Go “Off the Rails” with the Urban Lab

Andy.jpgAndy Madrick

Sustainability Associate, Landscape Architecture


On Friday, October 7, the Urban Lab will select the winner of its “Off the Rails” competition. This juried competition challenges innovators to envision the revitalization of a busy, neglected strip in downtown Fort Collins, Colorado—one that is currently limited by the conflict between an active railroad and the adjoining public streetscape. “Off the Rails” garnered submissions from around the globe. Don’t miss this opportunity to be a part of the future of Fort Collins.

When: Friday, October 7, 6-9 PM during Fort Collins’ First Friday Art Walk

Where: Galvanize, 242 Linden Street, Fort Collins, CO

The Urban Lab is proud to announce that it has attracted a national panel of esteemed jurors, an international submission pool, and a high level of community engagement and sponsorship.

International Applicants

“Off the Rails” entrants include students and professionals, from Fort Collins to as far away as China, who contributed ideas as diverse as their backgrounds. This international perspective will lead to a more colorful vision of what the city could become in the near future.

National Jury

“Off the Rails” attracted a national panel of judges:

Mayor Wade Troxell—Mayor of Fort Collins since April 2015, Troxell’s top priorities are: 1) Fort Collins as an innovation community and 2) Civic leadership for youth and young adults.

Hansy Better Barraza—As both a practitioner and an Associate Professor of Architecture at the Rhode Island School of Design, Hansy is an expert in design methods that embrace social responsibility.

Walter Hood—Hood teaches landscape architecture and environmental design at the University of California, Berkeley. His studio practice, Hood Design, focuses on architectural commissions, urban design, art installations, and research.

Ed Goodman—Goodman’s diverse background includes more than 30 years of interdisciplinary problem solving with experience in entertainment, engineering, community design, marketing, branding, technology, organizational ecology, dreamscaping, experience design, and more.

Local Sponsorship

The Urban Lab garnered an outstanding amount of sponsorship for “Off the Rails” from local businesses along the Mason Corridor, demonstrating the community’s investment in the long-term future of the built environment. With community support, the Urban Lab believes that this competition will set the stage for a more vibrant, more engaging public space along Mason Street.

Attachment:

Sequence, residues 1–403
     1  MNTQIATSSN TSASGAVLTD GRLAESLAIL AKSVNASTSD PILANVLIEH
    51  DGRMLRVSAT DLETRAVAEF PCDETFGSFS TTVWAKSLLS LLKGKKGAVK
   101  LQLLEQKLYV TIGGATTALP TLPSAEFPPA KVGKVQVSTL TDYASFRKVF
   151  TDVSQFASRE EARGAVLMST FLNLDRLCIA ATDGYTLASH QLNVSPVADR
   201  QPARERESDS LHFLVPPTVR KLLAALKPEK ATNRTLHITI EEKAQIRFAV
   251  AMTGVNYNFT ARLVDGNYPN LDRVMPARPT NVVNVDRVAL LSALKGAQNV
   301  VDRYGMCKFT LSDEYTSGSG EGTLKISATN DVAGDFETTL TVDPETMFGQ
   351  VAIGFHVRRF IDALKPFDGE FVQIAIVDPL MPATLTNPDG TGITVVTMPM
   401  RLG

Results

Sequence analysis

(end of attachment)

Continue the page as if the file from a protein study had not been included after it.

UniverCity Urban Lab is hosting “Off the Rails” in partnership with the City of Fort Collins and the Downtown Development Authority.

Laying the Foundation for Sustainable, Regenerative, Just Cities: EcoDistricts Summit 2016


katie_color.jpgKatie Vega

Sustainability Associate, Public Health


Sustainable. Regenerative. Equitable. Multi-generational. Community-driven. Collaborative. These six concepts stayed with me after my experience at the EcoDistricts Summit held at Denver University from September 13-15, 2016. The Summit is an annual conference hosted by EcoDistricts, a non-profit focused on developing a new model of urban regeneration and community development. The Summit convenes multi-disciplinary practitioners, researchers, experts, developers, professionals, academics, students, facilitators, and community members to collectively build a vision for a more sustainable and resilient future. IBE assisted in coordinating the Summit’s Research Forum, which took a deeper look at what’s needed to develop interdisciplinary teams across institutions to strengthen the bridge between collaborative research and practice.

As a new graduate and public health researcher, the EcoDistricts Summit was an incredible experience that inspired and challenged us to rise up and tackle existing and developing challenges in our own communities. My degree is in public health, but the Summit connected me to a large, diverse network of placemakers from the public and private sectors. During the three days, I saw firsthand how cross-disciplinary collaboration is the first critical step to better understanding topics like healthy community design, gentrification and displacement, clean energy and climate resilience, district-scale performance metrics, and urban regeneration. By opening the door to contributions from fields other than our own, we gain greater perspective on issues facing our increasingly urbanizing communities and can begin to develop truly innovative solutions.